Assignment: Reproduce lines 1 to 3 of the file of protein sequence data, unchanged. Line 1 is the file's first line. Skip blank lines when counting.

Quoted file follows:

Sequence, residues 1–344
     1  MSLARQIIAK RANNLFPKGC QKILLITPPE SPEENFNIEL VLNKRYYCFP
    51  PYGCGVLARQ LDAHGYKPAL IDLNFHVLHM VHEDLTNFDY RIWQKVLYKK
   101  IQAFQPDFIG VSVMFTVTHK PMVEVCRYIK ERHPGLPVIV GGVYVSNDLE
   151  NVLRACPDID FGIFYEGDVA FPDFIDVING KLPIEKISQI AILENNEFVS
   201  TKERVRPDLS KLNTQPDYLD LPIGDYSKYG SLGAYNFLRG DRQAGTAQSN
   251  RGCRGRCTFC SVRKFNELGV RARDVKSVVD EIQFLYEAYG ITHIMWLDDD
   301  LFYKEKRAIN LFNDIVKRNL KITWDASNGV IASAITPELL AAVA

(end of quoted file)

Sequence, residues 1–344
     1  MSLARQIIAK RANNLFPKGC QKILLITPPE SPEENFNIEL VLNKRYYCFP
    51  PYGCGVLARQ LDAHGYKPAL IDLNFHVLHM VHEDLTNFDY RIWQKVLYKK